Wednesday, October 8, 2014

Photo Essay: Under a Desert Dome

Sometimes the options in Southern California become too overwhelming, and it becomes easy to just do nothing rather than trying to choose which direction to drive in. Maintaining a calendar of far-flung explorations is exhausting.

So I appreciate it when I get a specific invitation to a particular place – especially one that's not open all of the time – rather than the vague "Hey let's hang out sometime" which has plagued me in both NYC and LA.



Would I have otherwise visited the open house at Cal-Earth? Maybe not. I hadn't even heard of it before.



Located off a dirt road in Hesperia, a town that wasn't much more than an exit off the 15 freeway a few years ago...



...Cal-Earth is this fenced-off commune that begs the question...



..."What happens in there?"



They don't do much advertising or promotion...



...but somehow they attract dozens of visitors to their monthly open houses...



...where curious folks such as myself can learn about sustainable living...



...exemplified by these dome houses...



...whose shape makes them very strong, easy to build, and resilient to wind, water, and fire.



They're primarily made of dirt – literally, sand bags held together by barbed wire (specifically, the superadobes) – and in some cases covered in a thin layer of concrete (for stabilization).



They each have their own unique decorative touches, whether it's pillows and a throw...



...or intricate tile work.



Many of them are covered in this reptile skin-like exterior, whose increased surface area helps cool the inside...



...which is sometimes ventilated by apertures made out of PVC pipes...



...providing air and light through windows too small for a human to fit through, thereby protecting those inside.



Some of the structures get a bit fancier...



...providing a texture wonderland...



...in an emergency shelter (or perhaps permanent camp?) that only costs a couple thousand dollars to build...



...and can be built by a handful of people in just a couple of days.



The windows are what really drives up the cost, unless they're made from reclaimed materials.



The structures at Cal-Earth are all prototypes of what can be built (think of it as a model home tour)...



...and although the domes are largely vacant...



...they do form somewhat of a village, which also includes the brick Rumi Dome...



...perhaps the most photogenic of the structures designed by Iranian "earth architect" Nadir Khalili...



...founder of Cal-Earth.



Nadir achieved much of his understanding of the basic elements of life (earth, water, air and fire) through his interpretations of Rumi's poetry.



An accomplished writer himself, Khalili wanted to teach others how to provide quick and cheap shelters for themselves...



...since, after all, we are the only mammal on Earth that is unable to build its own home. (!)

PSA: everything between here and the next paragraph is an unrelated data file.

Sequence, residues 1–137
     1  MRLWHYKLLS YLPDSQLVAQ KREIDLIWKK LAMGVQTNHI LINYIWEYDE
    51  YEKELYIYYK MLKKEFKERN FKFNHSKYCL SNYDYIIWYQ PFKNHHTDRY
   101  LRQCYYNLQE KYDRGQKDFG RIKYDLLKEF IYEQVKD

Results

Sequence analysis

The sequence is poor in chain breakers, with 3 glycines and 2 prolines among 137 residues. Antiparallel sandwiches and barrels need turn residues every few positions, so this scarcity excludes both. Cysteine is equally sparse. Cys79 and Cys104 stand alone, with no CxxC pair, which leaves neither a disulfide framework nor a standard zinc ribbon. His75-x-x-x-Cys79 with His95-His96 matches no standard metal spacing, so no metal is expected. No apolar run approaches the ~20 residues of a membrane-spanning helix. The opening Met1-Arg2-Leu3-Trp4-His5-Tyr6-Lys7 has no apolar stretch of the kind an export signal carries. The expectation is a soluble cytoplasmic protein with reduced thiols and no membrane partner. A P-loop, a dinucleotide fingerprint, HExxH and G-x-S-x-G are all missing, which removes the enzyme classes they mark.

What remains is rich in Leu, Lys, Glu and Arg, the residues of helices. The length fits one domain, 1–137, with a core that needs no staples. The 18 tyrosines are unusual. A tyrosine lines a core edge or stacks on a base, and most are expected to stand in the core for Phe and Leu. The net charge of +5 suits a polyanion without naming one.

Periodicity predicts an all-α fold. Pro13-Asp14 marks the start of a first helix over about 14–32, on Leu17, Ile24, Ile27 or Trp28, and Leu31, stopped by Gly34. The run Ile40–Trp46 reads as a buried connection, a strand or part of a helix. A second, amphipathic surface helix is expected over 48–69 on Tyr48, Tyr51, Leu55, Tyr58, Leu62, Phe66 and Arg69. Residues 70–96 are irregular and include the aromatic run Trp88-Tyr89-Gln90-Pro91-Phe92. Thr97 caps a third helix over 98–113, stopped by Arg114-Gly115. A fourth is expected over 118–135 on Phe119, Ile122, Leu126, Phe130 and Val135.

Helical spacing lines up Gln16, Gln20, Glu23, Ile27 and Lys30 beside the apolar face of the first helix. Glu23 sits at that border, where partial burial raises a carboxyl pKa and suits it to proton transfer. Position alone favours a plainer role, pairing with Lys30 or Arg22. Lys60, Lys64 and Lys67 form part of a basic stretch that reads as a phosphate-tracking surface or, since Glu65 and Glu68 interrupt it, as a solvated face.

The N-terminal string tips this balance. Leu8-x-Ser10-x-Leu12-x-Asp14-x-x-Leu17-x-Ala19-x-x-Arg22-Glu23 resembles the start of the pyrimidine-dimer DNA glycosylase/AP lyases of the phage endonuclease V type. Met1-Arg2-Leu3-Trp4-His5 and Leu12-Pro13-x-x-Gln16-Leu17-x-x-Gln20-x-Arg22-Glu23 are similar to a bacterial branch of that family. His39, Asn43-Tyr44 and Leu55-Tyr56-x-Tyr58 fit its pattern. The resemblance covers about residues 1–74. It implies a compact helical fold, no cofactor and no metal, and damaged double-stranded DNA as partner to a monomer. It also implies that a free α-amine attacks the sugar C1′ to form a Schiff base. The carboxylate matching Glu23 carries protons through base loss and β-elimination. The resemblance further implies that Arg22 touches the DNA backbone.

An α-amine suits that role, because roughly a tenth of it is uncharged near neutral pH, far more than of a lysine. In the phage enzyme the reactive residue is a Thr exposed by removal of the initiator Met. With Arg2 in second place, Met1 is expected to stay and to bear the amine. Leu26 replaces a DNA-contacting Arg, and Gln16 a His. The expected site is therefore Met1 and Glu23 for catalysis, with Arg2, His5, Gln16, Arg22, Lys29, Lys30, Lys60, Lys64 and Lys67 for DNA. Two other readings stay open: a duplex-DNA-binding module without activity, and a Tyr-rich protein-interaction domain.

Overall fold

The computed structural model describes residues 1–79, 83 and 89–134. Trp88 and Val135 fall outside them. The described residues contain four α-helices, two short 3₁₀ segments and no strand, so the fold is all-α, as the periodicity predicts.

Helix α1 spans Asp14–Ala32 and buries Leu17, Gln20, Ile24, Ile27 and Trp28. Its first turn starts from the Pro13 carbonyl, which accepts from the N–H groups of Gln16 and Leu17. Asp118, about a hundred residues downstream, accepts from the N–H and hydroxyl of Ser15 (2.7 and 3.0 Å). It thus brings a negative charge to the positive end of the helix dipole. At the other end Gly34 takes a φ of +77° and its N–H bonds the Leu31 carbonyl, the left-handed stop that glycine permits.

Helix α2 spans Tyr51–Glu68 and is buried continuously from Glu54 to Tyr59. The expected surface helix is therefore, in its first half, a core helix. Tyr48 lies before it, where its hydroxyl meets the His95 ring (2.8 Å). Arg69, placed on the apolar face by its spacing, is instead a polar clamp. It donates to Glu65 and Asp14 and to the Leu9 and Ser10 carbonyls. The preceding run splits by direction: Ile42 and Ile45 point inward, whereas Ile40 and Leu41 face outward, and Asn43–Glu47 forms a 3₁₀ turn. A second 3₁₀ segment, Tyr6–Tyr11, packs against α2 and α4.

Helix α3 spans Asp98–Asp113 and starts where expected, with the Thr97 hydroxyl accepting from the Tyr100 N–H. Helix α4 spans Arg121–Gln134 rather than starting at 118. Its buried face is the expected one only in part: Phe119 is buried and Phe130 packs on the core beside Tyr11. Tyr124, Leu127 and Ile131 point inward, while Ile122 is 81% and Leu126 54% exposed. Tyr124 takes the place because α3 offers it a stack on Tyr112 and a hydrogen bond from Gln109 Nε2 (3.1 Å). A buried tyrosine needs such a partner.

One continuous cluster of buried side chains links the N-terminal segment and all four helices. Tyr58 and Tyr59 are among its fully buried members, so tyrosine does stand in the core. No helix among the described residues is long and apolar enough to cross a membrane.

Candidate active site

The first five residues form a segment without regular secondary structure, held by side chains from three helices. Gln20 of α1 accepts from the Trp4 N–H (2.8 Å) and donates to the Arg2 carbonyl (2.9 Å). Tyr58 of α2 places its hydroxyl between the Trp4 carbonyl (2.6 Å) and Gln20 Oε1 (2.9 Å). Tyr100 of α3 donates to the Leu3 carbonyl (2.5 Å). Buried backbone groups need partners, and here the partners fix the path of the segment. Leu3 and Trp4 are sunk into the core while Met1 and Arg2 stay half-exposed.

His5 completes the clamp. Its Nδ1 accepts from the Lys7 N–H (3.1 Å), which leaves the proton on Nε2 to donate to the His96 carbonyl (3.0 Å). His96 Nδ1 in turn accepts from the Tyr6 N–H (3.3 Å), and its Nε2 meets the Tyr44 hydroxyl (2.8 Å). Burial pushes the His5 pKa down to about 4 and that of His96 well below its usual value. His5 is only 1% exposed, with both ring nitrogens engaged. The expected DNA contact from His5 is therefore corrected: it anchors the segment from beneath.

Some of the simplest models at Cal-Earth can be built by a single person...



...and can last for years...



...even when exposed to the elements (including the four seasons that the High Desert experiences).



Khalili even lectured on eco-architecture for such captive audiences as NASA...



...who, in the mid-1980s, was very interested in lunar and space habitation...



...and how Khalili's principles could be applied to setting up base off of this planet.



Nowadays, even six years after Khalili's passing, Cal-Earth continues to be a research institute...



...refining its best practices...



...learning from its mistakes...



...and testing its structures to the strictest of building codes (for earthquake proofing and other factors to protect from the elements).



It also conducts regular workshops...



...where unskilled laborers can learn how to read blueprints, compass theory and application, site planning...



...dome geometry and the principle of the arch.



Still, these domes can be wired for electricity and have plumbing and running water. Cal-Earth even built a prototype of a full-sized house, called Earth One, which features a full kitchen, three bedrooms, bathrooms and common areas all built under the vaulted arch principle  – which, while you're inside of it, feels like any suburban McMansion you'd find elsewhere in Southern California.

I would imagine other desert-dwellers just want to find another way to live off the grid and use all of the elements at their disposal (ironically, the same elements they're trying to protect themselves from). Some might use what they've learned to start their own businesses. Some experience some kind of awakening while they visit, realizing this is how they were meant to live, or receiving a calling to help abate the world's homeless problem (primarily brought about by natural disasters like the 2010 earthquake in Haiti).

I'm always looking for a transformative experience like that – some watershed moment in my life – but generally I just walk away with a satisfied curiosity, and a whole set of knowledge about something I never knew I wanted to learn.

Related Post:
One of Many Firsts: Earthquake